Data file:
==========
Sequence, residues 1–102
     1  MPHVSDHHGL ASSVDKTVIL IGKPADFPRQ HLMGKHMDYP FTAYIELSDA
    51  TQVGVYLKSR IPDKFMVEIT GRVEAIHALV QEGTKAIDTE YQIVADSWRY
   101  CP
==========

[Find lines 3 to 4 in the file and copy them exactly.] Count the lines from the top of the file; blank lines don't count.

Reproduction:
    51  TQVGVYLKSR IPDKFMVEIT GRVEAIHALV QEGTKAIDTE YQIVADSWRY
   101  CP